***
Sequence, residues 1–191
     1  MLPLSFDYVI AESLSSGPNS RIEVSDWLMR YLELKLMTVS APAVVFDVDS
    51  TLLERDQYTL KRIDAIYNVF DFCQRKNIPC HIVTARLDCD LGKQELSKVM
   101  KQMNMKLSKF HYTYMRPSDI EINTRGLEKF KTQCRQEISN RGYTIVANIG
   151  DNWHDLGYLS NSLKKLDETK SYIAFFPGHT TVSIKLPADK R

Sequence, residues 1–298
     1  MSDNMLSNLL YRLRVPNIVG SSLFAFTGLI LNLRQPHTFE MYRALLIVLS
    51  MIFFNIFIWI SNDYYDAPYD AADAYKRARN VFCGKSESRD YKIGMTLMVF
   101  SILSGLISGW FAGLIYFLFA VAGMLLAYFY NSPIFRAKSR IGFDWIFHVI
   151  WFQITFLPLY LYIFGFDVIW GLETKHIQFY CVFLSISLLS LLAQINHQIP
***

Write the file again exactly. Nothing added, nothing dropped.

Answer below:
Sequence, residues 1–191
     1  MLPLSFDYVI AESLSSGPNS RIEVSDWLMR YLELKLMTVS APAVVFDVDS
    51  TLLERDQYTL KRIDAIYNVF DFCQRKNIPC HIVTARLDCD LGKQELSKVM
   101  KQMNMKLSKF HYTYMRPSDI EINTRGLEKF KTQCRQEISN RGYTIVANIG
   151  DNWHDLGYLS NSLKKLDETK SYIAFFPGHT TVSIKLPADK R

Sequence, residues 1–298
     1  MSDNMLSNLL YRLRVPNIVG SSLFAFTGLI LNLRQPHTFE MYRALLIVLS
    51  MIFFNIFIWI SNDYYDAPYD AADAYKRARN VFCGKSESRD YKIGMTLMVF
   101  SILSGLISGW FAGLIYFLFA VAGMLLAYFY NSPIFRAKSR IGFDWIFHVI
   151  WFQITFLPLY LYIFGFDVIW GLETKHIQFY CVFLSISLLS LLAQINHQIP